How New Jersey towns are making streets safer for pedestrians
Two pedestrians killed in Clifton. One killed in Bergenfield. One killed in Elmwood Park. One killed in Garfield. One killed in Ridgewood. Two pedestrians hit in Dumont. One hit in Hackensack.
A spate of motor vehicle crashes involving pedestrians over the past two weeks has put the state on track for another record year of pedestrian fatalities. Last year’s count of 183 fatalities was the highest in 24 years.
This year’s tally is up to 117 so far.
Nationwide, the 46 percent spike in pedestrian fatalities from 2009 to 2016 prompted the National Transportation Safety Board last week to call for better car and truck headlights and the inclusion of pedestrian safety in safety ratings for new cars.
In the small borough of Leonia, three to seven pedestrians were struck by cars in typical years, Police Chief Tom Rowe said.
But after the gruesome 2014 death of Fort Lee resident Leyla Kan, who was hit by a school bus at Fort Lee Road and Broad Avenue and dragged 70 feet, borough police decided she would be the borough's last victim.
In 2016, all traffic lights at the busy intersection began turning red for 26 seconds to allow pedestrians to cross in every direction at the same time with cars at a standstill. There has not been a pedestrian-related accident since.
"The results have been outstanding. They're what we were hoping for," Rowe said. "When I drive throughout the county, I look at all these crazy intersections and think there’s probably more that need this."
Bergenfield implemented the same all-red traffic signal at Washington Avenue and Main Street about a decade ago, giving pedestrians a 15-second cushion to safely cross the street in a popular shopping area with heavy foot traffic.
The signal, known as the “pedestrian scramble” or “Barnes Dance,” was once a popular method of protecting pedestrians. First championed by traffic engineer Henry Barnes in the late 1940s, the scrambles quickly spread from Kansas City and Vancouver to cities like New York, Baltimore and Washington, D.C.
The plight of the pedestrian soon became a secondary concern, however, as cars became more ubiquitous and traffic engineers faulted all-red traffic stops for creating extra congestion, said James Sinclair, project coordinator for the New Jersey Bicycle and Pedestrian Resource Center at Rutgers University.
Many of New Jersey’s roadways were built in the 1950s and 1960s to prioritize the flow of cars over pedestrians, Sinclair said.
“They were designed exclusively to move as much traffic as possible as fast as possible, and the result of that was pedestrian and cyclist fatalities,” he said.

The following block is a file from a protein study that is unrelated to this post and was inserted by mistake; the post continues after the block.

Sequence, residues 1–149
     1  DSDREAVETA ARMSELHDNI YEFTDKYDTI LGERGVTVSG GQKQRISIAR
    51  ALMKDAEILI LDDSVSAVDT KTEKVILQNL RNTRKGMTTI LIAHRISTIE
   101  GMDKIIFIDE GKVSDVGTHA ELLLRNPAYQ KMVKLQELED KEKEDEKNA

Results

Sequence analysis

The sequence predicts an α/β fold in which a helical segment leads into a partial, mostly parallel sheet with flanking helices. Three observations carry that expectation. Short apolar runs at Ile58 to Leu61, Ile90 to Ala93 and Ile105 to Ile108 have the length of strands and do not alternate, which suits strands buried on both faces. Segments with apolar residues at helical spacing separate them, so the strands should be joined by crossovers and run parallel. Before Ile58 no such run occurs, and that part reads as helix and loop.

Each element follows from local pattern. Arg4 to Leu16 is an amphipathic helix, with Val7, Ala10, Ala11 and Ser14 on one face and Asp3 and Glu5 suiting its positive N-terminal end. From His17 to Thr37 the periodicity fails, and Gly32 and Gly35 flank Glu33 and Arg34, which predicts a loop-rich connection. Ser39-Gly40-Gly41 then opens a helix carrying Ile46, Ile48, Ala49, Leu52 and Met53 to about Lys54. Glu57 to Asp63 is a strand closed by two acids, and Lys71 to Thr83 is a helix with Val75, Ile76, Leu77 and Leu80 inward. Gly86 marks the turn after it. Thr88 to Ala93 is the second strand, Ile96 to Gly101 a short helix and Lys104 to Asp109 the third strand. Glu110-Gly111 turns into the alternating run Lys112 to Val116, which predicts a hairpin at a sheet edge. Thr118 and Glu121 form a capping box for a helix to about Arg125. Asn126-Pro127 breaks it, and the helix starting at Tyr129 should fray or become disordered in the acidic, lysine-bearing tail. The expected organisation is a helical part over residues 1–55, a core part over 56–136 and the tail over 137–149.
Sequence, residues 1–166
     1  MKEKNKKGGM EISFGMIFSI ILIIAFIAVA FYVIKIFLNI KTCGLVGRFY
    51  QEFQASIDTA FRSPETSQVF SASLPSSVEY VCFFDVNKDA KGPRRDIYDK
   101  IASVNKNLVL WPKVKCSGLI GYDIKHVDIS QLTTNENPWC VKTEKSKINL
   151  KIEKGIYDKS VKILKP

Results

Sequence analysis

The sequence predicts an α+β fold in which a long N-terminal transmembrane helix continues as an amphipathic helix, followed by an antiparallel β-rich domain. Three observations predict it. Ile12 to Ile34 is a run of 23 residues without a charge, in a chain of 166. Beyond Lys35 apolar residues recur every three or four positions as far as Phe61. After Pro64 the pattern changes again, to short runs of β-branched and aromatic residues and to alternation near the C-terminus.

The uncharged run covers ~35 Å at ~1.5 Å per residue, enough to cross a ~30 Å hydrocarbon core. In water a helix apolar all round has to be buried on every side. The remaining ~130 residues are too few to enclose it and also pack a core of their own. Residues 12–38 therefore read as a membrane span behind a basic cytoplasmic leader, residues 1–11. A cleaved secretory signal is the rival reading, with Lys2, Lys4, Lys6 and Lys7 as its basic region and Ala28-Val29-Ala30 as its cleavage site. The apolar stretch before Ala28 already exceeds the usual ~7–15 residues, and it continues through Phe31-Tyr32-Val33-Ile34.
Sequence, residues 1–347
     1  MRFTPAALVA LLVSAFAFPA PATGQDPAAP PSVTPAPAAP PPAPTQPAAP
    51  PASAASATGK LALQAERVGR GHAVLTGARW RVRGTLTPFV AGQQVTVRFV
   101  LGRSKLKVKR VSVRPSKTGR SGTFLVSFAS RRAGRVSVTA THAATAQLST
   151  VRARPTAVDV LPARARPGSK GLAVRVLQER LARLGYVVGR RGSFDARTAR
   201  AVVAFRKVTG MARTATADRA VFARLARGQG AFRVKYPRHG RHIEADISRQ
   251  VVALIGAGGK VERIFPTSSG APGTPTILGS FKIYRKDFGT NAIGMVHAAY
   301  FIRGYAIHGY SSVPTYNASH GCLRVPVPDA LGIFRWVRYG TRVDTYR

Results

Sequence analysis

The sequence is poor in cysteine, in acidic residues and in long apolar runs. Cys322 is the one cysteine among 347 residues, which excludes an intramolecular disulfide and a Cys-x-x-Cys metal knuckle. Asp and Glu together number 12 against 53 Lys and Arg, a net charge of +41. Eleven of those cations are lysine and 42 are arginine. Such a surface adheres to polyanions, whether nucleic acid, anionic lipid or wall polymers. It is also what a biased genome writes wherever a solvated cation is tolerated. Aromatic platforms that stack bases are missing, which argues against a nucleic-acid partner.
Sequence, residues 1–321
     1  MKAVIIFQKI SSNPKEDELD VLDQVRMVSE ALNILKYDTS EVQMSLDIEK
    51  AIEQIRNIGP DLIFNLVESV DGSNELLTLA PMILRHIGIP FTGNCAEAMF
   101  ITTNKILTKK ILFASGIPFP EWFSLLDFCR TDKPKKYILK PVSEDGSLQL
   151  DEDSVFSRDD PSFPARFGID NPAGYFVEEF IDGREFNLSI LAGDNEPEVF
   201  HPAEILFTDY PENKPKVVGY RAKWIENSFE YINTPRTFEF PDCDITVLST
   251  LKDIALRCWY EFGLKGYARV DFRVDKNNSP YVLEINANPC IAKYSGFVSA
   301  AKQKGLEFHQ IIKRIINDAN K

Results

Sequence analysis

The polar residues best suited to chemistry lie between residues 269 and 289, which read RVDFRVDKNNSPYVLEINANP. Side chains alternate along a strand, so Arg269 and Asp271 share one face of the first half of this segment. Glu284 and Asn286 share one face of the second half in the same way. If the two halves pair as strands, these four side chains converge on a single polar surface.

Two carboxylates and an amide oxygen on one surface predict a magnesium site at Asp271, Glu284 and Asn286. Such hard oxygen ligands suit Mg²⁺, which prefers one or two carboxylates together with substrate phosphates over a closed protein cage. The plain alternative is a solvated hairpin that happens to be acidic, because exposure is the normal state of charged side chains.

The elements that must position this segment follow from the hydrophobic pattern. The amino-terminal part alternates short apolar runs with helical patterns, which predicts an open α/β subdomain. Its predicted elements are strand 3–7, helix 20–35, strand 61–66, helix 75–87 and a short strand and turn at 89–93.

Complete streets priorities
The state officially reversed course in 2009, when the Department of Transportation adopted a Complete Streets policy requiring all roadway improvement projects to include safe accommodations for pedestrians, bicyclists, transit riders and the mobility-impaired.
Passaic and Essex counties as well as 17 municipalities in Bergen County and several in Morris County have followed suit with Complete Streets policies of their own.
The North Jersey Transportation Planning Authority launched a pedestrian safety Street Smart campaign in 2014 to complement those efforts. The authority has worked with more than 80 municipalities to redesign roadways and promote safe behavior by drivers and pedestrians through education and enforcement.
After a Street Smart campaign in Passaic in 2016, the proportion of pedestrians properly crossing Main Avenue and Monroe Street jumped from 54 percent to 85 percent while turning vehicles stopping for pedestrians increased from 46 percent to 58 percent and vehicles properly stopping at a red light or stop sign rose from 74 percent to 81 percent.
"Where we do the campaign, especially when it’s a full campaign that involves the education and outreach as well as participation by law enforcement, we see real and significant improvements in behavior by drivers and by pedestrians," said David Behrend, director of communications and government affairs for the authority. "We're hopeful that over time, by doing this in more communities, that it'll have an overall lasting impact."
Together North Jersey, a regional planning consortium that includes the North Jersey Transportation Planning Authority, recently partnered with the Urban Essex Coalition for Smart Growth to apply tactical urbanism, which demonstrates what improvements like street corner extensions could look like on re-engineered roads, to train track lighting. They are developing a temporary lighting installation at train track underpasses on the inner Morris & Essex Line to show how lighting and art can be used to improve safety for pedestrians and riders and revitalize a station area, Behrend said.